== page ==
Pigs are smart. Really smart. They beat out dogs and any other domesticated animal in just about any test of cognitive abilities. The only reason pigs are rare as experimental subjects is the practical difficulties related to their size. If intelligence is a criteria then pork – not octopus, not whale, not horse, not dolphin – should be the last thing you’d eat.

  7. #7 Matty Smith
    April 6, 2008

    I have issues with eating anything smarter than a mussel, which is just myself being pedantic and waaaaaay overly cautious. But better that than to eat a pig, I figure.

  8. #8 jeff nelson
    April 8, 2008

    i have similar qualms with the way much of neuroscience research has been conducted. nearly every facet of brain function was discovered by maiming monkeys– who have the intelligence of a human child. unfortunately, i rely on the data collected (and still being collected) by this method every day. it is difficult for me to reconcile the fact that i believe the research needs to be done with my disgust at imprisoning and permanently harming such intelligent creatures. if i say that it needs to be done, but i don’t want to be the one to do it– does that make me mentally weak or morally weak?

  9. #9 McFawn
    April 10, 2008

    Why should intelligence make any more difference in what we eat than the perceived moral behavior of the animal? If those tasy tentacles were strangling their own young, would their intelligence still be a cause for guilt? The emotional capacity of animals makes a stronger case for sparing them than does any “tool use” or puzzle solving or whatever measures are used to deduce “intelligence.”

    Elephants, while not typically eaten, have had a lot of press lately–and much of it has helped draw sympathetic attention to their plight. But why do we care about elephants? It’s not simply their bare intelligence. It’s their moral behavior–or perhaps their emotional intelligence–that draws us. They remember old friends and mourn over the bones of their dead. This is more compelling than “using tools.”

  10. #10 John Hutchins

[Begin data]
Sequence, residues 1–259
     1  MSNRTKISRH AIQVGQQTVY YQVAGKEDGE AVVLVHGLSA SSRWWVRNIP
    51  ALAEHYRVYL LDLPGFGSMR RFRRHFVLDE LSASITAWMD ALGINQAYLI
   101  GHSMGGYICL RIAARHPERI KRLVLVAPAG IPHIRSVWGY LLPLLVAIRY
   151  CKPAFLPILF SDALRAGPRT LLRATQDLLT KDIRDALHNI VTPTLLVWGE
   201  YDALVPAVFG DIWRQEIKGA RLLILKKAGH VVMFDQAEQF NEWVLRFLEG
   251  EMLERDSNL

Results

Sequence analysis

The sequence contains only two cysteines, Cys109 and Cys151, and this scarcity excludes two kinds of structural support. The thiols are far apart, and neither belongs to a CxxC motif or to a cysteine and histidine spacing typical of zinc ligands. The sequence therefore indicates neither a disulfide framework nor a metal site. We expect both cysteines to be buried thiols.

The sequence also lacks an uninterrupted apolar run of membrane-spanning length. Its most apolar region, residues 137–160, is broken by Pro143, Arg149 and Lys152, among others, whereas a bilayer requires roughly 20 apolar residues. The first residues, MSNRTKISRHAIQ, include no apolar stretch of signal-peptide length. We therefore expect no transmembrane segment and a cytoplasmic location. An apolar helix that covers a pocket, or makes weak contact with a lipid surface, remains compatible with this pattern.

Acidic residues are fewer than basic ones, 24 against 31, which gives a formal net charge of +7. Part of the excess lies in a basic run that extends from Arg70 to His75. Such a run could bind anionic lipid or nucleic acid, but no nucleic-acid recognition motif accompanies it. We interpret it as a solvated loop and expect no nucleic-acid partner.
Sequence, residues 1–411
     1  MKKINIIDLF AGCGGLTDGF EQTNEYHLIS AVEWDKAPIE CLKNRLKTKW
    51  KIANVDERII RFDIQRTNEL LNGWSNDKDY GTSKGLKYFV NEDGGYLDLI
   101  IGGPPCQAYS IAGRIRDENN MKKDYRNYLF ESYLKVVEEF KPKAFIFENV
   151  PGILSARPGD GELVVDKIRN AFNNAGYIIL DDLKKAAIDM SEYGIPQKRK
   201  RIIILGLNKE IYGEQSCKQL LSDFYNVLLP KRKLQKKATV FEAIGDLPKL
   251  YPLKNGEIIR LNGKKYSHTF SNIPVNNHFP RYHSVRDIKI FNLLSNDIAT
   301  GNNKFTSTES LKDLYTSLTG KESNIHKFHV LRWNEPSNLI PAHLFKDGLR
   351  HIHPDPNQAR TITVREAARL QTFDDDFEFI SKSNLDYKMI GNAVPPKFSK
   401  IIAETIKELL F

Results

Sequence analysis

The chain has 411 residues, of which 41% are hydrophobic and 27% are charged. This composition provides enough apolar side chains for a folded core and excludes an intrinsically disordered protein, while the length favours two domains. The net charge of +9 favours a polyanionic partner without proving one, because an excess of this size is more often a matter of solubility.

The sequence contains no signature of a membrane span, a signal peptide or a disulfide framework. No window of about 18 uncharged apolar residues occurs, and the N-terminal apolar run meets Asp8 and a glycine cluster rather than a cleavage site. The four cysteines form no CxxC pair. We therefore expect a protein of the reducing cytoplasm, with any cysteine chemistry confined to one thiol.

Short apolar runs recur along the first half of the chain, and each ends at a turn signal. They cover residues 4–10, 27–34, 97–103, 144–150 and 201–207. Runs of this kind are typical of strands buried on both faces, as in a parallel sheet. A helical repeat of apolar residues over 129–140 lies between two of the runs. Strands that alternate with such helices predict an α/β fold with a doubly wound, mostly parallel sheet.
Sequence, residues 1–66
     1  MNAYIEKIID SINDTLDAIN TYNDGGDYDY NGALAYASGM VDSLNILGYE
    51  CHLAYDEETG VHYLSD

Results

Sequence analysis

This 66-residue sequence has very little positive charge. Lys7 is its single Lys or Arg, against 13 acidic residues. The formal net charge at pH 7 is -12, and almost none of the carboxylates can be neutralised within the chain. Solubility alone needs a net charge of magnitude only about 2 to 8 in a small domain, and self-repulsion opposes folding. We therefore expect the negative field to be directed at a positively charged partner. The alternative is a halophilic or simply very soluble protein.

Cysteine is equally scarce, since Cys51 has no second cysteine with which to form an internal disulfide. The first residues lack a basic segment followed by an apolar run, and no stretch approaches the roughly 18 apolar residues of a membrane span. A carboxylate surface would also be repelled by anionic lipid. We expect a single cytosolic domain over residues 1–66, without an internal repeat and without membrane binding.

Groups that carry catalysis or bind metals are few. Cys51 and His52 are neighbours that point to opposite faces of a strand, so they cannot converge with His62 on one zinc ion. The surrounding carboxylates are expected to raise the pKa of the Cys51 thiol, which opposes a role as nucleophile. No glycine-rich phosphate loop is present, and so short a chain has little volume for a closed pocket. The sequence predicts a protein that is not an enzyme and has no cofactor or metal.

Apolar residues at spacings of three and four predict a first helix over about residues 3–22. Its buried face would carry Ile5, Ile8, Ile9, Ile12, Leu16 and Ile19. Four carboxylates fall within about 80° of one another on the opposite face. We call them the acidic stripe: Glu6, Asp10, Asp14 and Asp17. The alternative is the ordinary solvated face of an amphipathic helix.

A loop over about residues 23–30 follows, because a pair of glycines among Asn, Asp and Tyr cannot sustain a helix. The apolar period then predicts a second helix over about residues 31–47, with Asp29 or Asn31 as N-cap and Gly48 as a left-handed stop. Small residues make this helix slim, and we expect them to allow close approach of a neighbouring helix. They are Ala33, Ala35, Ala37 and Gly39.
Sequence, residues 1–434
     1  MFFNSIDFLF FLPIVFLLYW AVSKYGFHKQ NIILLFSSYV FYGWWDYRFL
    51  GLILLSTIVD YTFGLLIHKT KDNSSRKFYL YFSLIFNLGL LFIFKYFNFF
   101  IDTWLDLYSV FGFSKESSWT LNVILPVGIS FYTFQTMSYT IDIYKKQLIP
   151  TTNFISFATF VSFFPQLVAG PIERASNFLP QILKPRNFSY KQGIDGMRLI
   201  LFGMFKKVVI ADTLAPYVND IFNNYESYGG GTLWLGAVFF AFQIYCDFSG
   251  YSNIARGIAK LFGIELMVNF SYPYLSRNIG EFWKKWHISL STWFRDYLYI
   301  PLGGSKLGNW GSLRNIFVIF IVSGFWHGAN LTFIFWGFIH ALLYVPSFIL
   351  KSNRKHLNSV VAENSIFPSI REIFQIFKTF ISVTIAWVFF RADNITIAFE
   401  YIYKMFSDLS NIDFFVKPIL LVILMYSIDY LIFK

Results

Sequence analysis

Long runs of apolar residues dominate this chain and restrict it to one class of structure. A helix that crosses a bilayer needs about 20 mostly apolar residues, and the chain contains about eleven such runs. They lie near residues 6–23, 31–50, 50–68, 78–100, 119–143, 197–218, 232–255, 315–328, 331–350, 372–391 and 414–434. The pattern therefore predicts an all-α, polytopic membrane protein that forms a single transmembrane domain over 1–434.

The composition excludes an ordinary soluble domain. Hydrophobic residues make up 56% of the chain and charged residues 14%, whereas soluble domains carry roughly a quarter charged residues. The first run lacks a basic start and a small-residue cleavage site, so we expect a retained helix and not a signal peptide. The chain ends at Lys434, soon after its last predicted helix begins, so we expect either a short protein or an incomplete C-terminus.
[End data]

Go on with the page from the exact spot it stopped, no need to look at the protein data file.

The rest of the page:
April 23, 2008

    I’m sure if the roles were reversed the octopus would eat you; Pigs are also domesticated from wild pigs, not an animal that you”d like to meet face to face in the woods unless you were armed

  11. #11 Sassy
    July 2, 2008

    I caught an octopus yesterday and felt guilty about eating it – yet I am in Spain and the Spanish love octopus and would not have second thoughts about eating any kind of seafood. But I see an intelligence in an animal and start to feel guilty! What’s the difference between catching your food and buying it in the supermarket?! Does the distance between yourself and the actual killing help? Well I chastised myself and said to myself that I would happily buy the octopus in a shop or order it in a restaurant and yet I would also have happily let the octopus go back to playing with shells on the seabed. “Get over it!” I said and had octopus for my supper but I still feel bad about it!! Modern day food shopping has changed the way that we view what and how we eat – maybe that needs to change?!

  12. #12 Sassy
    July 2, 2008

    My business partner will eat anything that swims, flys, walks,crawls or grows – but then he is a former military survival expert and when push comes to shove i.e. you or the poor semi-intelligent food source he will eat anything that will keep him alive. So can you ask yourself this question – if you had a choice of eat this animal and live or let the animal live and you die – what would you choose?
    If the animal had the capability of eating you and had to make a choice of eating you or dying do you think that the animal would let you live?

  13. #13 Melinda Montijo
    November 12, 2008

    Is is true that eating octopus increases your libido?

  14. #14 rayT
    December 15, 2009

    Late to discussion but I thought I add my views on this topic.

    Animals should only be eaten when a person does not have the ability to get his or her nutritional requirements from non-animal sources (specifically protein) OR once they have lived a ‘full & natural’ life.

    I have read about animals squirming as they are chopped, sliced, skinned, boiled or eaten alive and its simply barbaric.

    Then again, we humans kill each other without hesitation by the millions sometimes – so is it any surprise we would treat animals so badly? Any surprise that so many of them are going extinct just to satisfy our ‘tongues’?